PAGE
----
Last night was the first time I’d been into a woman’s bedroom in 1993 Knoxville. I am glad that I was. She had a makeup table, an exercise bike, a poster of Malcolm X, and a four post bed. There were pictures taped to a mirror, a small table, a window bed, and five women, all of them wearing the same outfit.
“Five Women Wearing the Same Dress,” presented by Cincinnati Landmark Productions at the Warsaw Federal Incline Theater tells the story of a wedding day experienced through the eyes of the bridesmaids. Like many affluent southern weddings, there are large fancy hats, low-country accents, copious cursing, and copious gin. The room belonging to the sister of the bride makes the set, and the story is told in snatches by whatever combination of the five women happen to be in the room at the same time.
The five, each with a painful backstory, weave a comic and sometimes circuitous route around the central theme of the play: everyone hates the bride. Referred to as a “rich white republican”, the bride exemplifies for each of them something they are sensitive about themselves. Whether that sensitivity is beauty, money, success or being straight, the women lament their lives and histories with the bride.
The Five Dresses
Meredith, the sister of the bride and owner of the bedroom, is the most furious. She’s what we’d call a Millennial today—recent college grad, bucking her parents, wanting to go anywhere but home.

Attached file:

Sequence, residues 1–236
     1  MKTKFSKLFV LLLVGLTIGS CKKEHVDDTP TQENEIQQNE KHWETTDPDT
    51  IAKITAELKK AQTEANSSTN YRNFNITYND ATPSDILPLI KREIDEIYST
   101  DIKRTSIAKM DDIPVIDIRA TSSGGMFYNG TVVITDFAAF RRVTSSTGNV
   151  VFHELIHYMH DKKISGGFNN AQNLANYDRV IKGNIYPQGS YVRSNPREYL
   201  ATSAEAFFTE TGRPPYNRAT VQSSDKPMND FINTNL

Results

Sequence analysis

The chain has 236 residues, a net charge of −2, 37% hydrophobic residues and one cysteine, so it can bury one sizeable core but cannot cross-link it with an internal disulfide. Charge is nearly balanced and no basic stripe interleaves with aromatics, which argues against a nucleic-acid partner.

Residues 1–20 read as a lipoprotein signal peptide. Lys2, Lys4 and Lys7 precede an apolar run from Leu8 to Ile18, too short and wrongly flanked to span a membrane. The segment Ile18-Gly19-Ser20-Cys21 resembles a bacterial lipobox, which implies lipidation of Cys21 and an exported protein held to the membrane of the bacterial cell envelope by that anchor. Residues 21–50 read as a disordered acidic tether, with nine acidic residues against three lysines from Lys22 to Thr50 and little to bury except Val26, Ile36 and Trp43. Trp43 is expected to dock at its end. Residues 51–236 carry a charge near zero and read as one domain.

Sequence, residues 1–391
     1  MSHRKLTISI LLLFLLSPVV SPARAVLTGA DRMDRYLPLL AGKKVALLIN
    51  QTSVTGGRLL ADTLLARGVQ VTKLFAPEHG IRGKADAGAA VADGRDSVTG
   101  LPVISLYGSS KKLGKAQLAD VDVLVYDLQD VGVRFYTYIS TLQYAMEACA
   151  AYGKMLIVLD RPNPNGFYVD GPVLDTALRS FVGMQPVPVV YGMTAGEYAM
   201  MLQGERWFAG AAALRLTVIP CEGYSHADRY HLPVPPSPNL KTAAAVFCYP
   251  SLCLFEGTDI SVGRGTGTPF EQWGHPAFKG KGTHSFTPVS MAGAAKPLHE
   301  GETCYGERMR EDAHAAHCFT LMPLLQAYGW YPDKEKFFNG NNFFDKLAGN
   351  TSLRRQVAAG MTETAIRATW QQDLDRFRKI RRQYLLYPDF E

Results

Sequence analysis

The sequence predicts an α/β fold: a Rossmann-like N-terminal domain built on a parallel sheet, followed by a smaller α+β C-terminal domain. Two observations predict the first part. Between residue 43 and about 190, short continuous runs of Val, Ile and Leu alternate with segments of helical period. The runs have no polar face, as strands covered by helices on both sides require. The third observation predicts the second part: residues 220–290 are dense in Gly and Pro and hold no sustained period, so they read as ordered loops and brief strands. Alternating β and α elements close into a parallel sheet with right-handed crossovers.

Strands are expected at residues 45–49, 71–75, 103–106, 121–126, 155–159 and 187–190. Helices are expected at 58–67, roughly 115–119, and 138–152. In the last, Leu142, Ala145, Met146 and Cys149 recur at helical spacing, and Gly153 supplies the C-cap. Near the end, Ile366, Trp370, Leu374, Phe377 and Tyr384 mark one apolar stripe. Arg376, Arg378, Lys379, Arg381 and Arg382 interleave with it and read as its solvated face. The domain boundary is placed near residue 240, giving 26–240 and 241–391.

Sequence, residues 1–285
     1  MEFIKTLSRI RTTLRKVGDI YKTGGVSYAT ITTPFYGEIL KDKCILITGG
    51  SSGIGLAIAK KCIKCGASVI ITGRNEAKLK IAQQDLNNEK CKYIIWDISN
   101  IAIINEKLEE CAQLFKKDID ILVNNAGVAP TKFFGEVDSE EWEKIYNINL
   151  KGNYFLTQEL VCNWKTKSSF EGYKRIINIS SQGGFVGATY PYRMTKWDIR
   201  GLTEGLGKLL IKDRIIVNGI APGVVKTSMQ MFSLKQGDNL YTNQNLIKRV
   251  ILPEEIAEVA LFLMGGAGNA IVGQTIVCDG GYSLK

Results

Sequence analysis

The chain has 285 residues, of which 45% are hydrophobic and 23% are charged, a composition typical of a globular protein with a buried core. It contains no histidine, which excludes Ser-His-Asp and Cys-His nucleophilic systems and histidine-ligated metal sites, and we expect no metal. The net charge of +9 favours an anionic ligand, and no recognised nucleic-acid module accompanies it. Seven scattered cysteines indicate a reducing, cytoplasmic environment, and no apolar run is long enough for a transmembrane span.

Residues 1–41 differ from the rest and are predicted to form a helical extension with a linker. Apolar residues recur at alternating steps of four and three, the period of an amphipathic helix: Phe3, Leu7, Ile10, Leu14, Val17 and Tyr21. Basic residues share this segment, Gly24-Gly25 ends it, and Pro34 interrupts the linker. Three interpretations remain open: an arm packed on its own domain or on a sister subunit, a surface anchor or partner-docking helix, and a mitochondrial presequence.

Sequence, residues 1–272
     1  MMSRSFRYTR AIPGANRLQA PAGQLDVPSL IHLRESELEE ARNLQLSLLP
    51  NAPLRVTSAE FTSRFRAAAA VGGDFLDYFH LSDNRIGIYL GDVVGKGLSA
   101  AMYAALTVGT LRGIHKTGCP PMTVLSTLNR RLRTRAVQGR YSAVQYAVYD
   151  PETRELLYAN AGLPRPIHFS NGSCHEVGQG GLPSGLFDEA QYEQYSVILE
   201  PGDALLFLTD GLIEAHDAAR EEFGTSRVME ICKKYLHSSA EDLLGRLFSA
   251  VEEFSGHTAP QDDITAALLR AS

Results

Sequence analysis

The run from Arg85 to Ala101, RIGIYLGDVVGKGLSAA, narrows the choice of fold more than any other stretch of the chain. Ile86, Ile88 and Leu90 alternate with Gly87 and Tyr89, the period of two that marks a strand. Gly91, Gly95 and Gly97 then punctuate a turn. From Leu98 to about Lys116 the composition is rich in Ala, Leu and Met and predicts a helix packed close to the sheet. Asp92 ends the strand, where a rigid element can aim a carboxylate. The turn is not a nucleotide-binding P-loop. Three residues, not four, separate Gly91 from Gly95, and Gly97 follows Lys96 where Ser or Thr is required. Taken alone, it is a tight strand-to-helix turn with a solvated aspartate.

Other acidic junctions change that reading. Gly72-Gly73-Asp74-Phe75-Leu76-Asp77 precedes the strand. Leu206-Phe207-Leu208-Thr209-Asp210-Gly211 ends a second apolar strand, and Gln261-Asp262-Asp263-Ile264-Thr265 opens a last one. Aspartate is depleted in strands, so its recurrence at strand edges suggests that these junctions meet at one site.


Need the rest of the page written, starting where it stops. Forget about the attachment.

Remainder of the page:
Frances, the hyper-religious zealot cousin of the bride, abhors liquor and drugs because “I am a Christian” until she meets a man and has her first glass of champagne. She’s innocent and mostly exists as comic relief.
Trisha, the jaded former beauty, has no belief in or need for love, and acts as the calming, southern, sexually awoken sage to the group.
Georgeanne is the drunkest, a depressed housewife to a “wet toast” husband whom she hates. She sees an ex-boyfriend at the wedding and her entire reality stretches at the seams.
Mindy, the uncloseted lesbian sister of the groom and the highlight of the show, demonstrates that self-deprecation and self-possession are sometimes the best ways to cope with a tough world.
Landmark and the Incline do a great job, again
This performance was attended by, I would guess, 90% women. I can agree that the title would lead you to believe it’s just about “women’s stuff,” and it is. But women’s stuff is all of our stuff: it’s love, rejection, hope, sex, defeat, fear, anger, and champagne drunkenness. It’s a show that anyone will get a kick out of, just maybe don’t bring your kids.
John David Back is a Cincinnati native who lives and works in OTR. He’s an avid reader and a mediocre writer who loves the experience of art and beauty. Tell him what he should experience and send fan mail to firstname.lastname@example.org.